In the spring, my university announced with excitement the names of individuals who had recently earned tenure and promotion there. This caused me to inquire if there were any resources beyond faculty handbooks that could assist with understanding the "hidden curriculum" of the tenure process, especially for a person of color and a black scholar.
A new book, Written/Unwritten: Diversity and the Hidden Truths of Tenure (University of North Carolina Press, 2016), edited by Patricia A. Matthew, provides a valuable contribution to the literature by offering concrete and practical insights regarding the tenure-and-promotion process at predominantly white institutions. It bridges the gap between theory and practice and applies a theoretical grounding to the practical lived experiences of diverse faculty members. Of particular note, a chapter written by Sarita Echavez See, "Talking Tenure: Don’t Be Safe. Because There Is No Safety There Anyway," explains how to remain authentic to oneself during the process.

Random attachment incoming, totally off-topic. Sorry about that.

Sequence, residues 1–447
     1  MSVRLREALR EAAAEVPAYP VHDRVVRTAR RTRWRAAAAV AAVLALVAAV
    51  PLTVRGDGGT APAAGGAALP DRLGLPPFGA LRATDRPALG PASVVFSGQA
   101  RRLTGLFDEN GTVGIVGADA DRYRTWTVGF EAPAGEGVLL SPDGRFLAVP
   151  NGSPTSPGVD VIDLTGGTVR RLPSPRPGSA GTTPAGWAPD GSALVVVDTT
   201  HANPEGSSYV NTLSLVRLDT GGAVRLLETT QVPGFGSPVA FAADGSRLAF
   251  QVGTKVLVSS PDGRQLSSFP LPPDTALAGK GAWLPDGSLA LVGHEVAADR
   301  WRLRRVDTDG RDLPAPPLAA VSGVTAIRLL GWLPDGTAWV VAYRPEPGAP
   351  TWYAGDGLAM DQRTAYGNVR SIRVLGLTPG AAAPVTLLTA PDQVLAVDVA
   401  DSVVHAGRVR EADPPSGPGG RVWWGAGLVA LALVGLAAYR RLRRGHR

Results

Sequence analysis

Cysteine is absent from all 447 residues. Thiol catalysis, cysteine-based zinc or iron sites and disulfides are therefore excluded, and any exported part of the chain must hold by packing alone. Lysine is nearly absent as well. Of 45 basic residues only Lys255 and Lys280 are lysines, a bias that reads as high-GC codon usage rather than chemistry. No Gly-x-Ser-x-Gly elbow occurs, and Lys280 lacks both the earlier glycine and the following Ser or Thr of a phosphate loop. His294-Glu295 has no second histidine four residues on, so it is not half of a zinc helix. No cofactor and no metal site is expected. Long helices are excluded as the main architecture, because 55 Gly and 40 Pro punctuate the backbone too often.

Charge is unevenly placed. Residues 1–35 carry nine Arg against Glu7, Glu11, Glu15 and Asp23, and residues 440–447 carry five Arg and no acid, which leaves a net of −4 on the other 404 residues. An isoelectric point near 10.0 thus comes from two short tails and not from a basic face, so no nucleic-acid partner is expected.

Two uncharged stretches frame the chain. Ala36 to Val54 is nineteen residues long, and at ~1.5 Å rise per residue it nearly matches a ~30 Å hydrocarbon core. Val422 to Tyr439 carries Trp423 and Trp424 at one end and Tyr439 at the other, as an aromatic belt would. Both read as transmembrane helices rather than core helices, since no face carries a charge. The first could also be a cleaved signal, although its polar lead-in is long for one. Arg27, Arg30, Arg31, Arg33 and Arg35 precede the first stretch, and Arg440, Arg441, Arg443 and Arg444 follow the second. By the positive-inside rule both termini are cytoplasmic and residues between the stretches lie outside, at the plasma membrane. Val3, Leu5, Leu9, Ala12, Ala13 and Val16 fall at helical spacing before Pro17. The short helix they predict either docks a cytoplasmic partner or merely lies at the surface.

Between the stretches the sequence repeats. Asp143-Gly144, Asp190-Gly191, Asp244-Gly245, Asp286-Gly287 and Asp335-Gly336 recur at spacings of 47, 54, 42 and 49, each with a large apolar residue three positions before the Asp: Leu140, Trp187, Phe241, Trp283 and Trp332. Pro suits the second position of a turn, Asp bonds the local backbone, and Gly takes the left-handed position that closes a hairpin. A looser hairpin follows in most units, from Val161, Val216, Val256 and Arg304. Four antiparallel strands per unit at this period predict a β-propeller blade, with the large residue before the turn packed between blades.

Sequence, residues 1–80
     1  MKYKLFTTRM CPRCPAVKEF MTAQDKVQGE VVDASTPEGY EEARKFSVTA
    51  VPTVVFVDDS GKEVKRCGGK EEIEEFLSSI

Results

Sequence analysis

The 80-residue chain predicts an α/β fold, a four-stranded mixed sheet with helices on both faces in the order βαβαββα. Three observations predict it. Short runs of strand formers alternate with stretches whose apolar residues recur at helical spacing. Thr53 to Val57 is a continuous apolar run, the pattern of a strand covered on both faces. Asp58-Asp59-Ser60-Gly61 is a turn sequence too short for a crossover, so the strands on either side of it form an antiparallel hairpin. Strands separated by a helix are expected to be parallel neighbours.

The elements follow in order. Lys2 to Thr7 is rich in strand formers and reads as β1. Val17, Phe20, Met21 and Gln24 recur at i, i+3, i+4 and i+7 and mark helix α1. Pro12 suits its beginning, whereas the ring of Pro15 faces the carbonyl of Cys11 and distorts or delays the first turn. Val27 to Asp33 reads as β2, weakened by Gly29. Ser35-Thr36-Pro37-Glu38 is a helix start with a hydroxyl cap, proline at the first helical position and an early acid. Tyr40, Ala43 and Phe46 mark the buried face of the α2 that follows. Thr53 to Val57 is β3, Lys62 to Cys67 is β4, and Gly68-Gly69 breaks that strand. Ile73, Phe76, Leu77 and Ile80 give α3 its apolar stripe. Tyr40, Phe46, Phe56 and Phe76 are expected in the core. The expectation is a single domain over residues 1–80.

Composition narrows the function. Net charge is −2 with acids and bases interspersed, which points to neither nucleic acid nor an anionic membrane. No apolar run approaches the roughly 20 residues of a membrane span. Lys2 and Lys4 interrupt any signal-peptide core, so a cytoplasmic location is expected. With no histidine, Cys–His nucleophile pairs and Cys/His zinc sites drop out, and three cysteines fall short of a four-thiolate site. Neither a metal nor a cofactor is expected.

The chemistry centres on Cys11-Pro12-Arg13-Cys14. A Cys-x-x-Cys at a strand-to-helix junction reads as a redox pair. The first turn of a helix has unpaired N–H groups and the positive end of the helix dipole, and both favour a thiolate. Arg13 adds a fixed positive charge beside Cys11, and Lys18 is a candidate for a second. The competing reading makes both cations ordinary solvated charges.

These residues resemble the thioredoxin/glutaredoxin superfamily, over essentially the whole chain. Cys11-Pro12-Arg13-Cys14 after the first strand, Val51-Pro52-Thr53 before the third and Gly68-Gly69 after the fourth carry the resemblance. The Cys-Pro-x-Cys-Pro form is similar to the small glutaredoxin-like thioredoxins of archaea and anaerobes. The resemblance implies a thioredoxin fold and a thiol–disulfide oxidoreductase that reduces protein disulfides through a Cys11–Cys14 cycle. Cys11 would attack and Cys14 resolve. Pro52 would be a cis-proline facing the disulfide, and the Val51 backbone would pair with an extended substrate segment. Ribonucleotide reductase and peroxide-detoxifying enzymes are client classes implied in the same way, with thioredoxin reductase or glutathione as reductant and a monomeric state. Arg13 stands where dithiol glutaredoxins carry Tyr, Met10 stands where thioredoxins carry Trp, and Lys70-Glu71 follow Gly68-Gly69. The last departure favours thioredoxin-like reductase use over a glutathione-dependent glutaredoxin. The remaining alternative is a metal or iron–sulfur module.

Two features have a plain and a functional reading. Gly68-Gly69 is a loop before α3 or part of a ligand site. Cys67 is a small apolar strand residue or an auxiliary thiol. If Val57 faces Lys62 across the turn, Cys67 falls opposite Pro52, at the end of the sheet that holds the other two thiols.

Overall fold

Some of the advice in the book is directed at the academic administrators who manage the process. Suggestions include ensuring a collegial work environment and standing against the collective prerogatives of faculty members that are damaging to the opportunities and morale of faculty of color. The book does a wonderful job of providing insights regarding the nuances and the opaque nature of one of the most important and guarded processes within the academy.
Sydney Freeman Jr. is an associate professor of adult, organizational learning, and leadership at the University of Idaho and senior editor in chief of the Journal for the Study of Postsecondary and Tertiary Education.